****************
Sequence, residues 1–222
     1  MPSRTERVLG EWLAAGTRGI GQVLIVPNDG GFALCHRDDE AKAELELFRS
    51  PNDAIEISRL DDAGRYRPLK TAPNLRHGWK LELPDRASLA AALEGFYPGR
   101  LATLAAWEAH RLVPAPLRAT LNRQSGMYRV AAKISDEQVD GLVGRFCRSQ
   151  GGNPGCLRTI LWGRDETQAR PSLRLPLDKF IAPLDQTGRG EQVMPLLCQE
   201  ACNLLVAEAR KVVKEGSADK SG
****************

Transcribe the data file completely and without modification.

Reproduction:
Sequence, residues 1–222
     1  MPSRTERVLG EWLAAGTRGI GQVLIVPNDG GFALCHRDDE AKAELELFRS
    51  PNDAIEISRL DDAGRYRPLK TAPNLRHGWK LELPDRASLA AALEGFYPGR
   101  LATLAAWEAH RLVPAPLRAT LNRQSGMYRV AAKISDEQVD GLVGRFCRSQ
   151  GGNPGCLRTI LWGRDETQAR PSLRLPLDKF IAPLDQTGRG EQVMPLLCQE
   201  ACNLLVAEAR KVVKEGSADK SG